in the saddle hand written notes

IN THE SADDLE: Do hand-written letters still have a place in the digital era?

Joshua Nuttall contributes to a regular column on our blog where he talks about his cycling exploits and what goes on inside his head while he’s IN THE SADDLE.

Growing up at prep school, we were “forced” to write letters to on a weekly basis. We even had handwriting competitions! Must have been something to do with growing up in Grahamstown in the Eastern Cape. I wonder if they still write letters by hand in that little town?

I can distinctly remember the letter writing sessions; we would have an hour every Tuesday (often the last school period) where my mind was already thinking about sports practice and getting out of the classroom! Needless to say, letter writing was a bit tedious, except after my birthday when I cleverly used this time to get my thank you letters done!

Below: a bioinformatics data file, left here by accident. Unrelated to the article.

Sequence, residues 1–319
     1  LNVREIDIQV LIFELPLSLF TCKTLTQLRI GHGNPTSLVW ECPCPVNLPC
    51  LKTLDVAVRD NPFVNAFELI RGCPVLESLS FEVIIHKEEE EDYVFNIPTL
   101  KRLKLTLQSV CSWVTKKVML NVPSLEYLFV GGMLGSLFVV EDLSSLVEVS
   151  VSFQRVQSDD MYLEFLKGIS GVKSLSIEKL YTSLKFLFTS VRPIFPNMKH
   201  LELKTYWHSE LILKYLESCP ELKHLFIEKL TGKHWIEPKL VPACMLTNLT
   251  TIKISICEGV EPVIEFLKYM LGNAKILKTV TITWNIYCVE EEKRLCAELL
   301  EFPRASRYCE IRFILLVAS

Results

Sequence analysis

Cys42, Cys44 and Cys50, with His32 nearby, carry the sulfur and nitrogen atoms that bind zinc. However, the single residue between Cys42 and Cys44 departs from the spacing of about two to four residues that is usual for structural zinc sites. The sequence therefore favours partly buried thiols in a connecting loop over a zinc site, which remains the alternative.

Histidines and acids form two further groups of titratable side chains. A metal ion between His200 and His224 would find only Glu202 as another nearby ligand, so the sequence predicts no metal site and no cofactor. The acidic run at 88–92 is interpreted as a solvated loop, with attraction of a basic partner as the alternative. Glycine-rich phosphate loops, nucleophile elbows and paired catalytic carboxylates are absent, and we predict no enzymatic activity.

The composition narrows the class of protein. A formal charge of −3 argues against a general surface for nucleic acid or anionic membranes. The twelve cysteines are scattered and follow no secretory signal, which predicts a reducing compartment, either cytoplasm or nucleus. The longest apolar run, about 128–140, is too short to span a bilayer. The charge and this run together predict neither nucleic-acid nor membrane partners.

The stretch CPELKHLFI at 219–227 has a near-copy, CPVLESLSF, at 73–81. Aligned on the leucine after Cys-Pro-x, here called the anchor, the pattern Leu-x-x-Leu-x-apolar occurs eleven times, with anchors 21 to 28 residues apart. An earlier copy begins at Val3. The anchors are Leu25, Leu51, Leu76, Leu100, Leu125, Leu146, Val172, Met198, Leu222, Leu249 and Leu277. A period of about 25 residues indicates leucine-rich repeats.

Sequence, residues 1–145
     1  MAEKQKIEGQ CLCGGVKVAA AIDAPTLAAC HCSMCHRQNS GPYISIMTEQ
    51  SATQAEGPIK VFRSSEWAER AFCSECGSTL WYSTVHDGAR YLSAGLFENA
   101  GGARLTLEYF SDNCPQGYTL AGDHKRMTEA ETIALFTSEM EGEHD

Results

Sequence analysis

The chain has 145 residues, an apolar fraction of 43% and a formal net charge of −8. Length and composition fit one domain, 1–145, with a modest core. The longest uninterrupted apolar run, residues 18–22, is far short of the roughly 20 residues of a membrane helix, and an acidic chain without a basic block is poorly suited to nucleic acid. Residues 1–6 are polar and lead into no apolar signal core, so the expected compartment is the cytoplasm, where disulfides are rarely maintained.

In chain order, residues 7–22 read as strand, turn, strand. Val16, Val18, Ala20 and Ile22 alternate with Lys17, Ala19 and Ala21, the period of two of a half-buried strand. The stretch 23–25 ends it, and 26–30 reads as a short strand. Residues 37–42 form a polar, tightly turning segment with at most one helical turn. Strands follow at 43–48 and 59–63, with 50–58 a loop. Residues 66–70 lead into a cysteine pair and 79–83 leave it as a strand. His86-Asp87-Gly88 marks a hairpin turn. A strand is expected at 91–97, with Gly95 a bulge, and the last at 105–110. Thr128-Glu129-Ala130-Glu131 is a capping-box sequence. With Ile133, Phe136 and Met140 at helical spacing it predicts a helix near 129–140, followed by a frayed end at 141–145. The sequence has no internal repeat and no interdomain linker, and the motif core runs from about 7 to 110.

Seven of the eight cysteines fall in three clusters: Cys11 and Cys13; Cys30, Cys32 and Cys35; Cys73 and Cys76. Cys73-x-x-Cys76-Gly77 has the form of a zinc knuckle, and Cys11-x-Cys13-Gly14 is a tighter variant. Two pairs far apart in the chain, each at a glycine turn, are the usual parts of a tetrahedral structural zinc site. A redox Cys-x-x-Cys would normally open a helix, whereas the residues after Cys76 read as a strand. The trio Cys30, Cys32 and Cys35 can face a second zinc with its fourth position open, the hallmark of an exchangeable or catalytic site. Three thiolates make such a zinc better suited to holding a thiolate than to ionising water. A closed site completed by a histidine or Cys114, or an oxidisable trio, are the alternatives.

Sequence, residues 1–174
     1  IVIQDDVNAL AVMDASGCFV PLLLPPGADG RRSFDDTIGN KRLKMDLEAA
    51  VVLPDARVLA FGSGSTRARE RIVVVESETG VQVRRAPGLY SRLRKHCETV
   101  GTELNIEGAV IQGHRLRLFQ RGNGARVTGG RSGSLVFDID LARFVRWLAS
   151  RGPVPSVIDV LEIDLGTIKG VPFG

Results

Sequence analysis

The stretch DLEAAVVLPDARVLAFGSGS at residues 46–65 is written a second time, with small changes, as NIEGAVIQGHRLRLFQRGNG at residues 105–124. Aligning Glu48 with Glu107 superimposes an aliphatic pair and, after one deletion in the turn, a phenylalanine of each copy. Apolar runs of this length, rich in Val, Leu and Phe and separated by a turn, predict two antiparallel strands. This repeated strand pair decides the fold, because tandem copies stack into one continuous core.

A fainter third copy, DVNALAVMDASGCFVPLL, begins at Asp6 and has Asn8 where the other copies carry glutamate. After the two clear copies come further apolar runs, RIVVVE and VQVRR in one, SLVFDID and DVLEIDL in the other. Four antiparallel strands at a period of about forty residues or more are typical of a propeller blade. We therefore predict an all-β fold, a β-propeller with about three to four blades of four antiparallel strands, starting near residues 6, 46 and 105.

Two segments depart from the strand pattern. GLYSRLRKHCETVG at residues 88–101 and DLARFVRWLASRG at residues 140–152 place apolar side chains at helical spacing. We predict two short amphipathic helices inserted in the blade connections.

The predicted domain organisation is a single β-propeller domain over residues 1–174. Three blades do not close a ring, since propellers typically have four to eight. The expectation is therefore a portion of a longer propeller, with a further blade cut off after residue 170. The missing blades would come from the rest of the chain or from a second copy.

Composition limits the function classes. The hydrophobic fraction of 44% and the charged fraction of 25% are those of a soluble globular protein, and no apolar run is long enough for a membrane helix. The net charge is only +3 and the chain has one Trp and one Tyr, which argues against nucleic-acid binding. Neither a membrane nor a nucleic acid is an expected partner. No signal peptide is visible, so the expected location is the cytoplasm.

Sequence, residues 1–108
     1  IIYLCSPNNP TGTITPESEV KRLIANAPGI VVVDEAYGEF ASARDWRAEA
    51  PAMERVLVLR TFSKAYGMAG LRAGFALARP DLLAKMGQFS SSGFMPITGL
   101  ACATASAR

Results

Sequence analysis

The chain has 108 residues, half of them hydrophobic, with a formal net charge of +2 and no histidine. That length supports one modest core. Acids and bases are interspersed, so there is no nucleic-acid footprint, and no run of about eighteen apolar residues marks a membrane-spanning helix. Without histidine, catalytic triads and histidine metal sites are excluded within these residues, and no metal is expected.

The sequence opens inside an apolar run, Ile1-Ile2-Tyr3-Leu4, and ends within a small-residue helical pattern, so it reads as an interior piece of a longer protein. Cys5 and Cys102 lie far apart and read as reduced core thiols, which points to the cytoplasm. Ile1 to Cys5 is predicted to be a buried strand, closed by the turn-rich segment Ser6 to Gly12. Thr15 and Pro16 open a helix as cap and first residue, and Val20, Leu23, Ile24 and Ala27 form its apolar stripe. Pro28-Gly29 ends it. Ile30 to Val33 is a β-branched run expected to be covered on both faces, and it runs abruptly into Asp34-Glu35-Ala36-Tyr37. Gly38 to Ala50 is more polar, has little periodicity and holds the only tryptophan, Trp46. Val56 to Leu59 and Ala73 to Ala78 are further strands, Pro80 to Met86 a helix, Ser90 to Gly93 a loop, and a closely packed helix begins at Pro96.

Today we find ourselves in a digital world and it’s ever growing! Any guesses as to how many people use social media? One of the reports that I read, suggest that there were 2.46 million users of social media in 2017. Shucks, that’s a lot of people walking round communicating through their phones with others…

In my teen years, my grandfather stressed the importance of a hand-written letter, whether it be a letter to share news, to wish someone well, or to say thank you. I didn’t agree with him then as an email was far easier and in my mind and made a lot more sense. It didn’t waste paper and got delivered a whole lot faster.

Looking back on this, I definitely missed the point that he was trying to convey… the arrogance of youth or something along those lines. A written letter carries personal message that an email doesn’t fully incorporate.

Yes, the digital space is certainly expanding and the amount of time we spend with computers/cell phones is growing. However, hand-written letters DEFINITELY still have their place – maybe now more than ever because they are so rare.

So next time you need to say thank you to someone, challenge yourself to put it in a card or a letter. Maybe, just maybe, there was method behind the madness of getting us to write letters every week while we were growing up!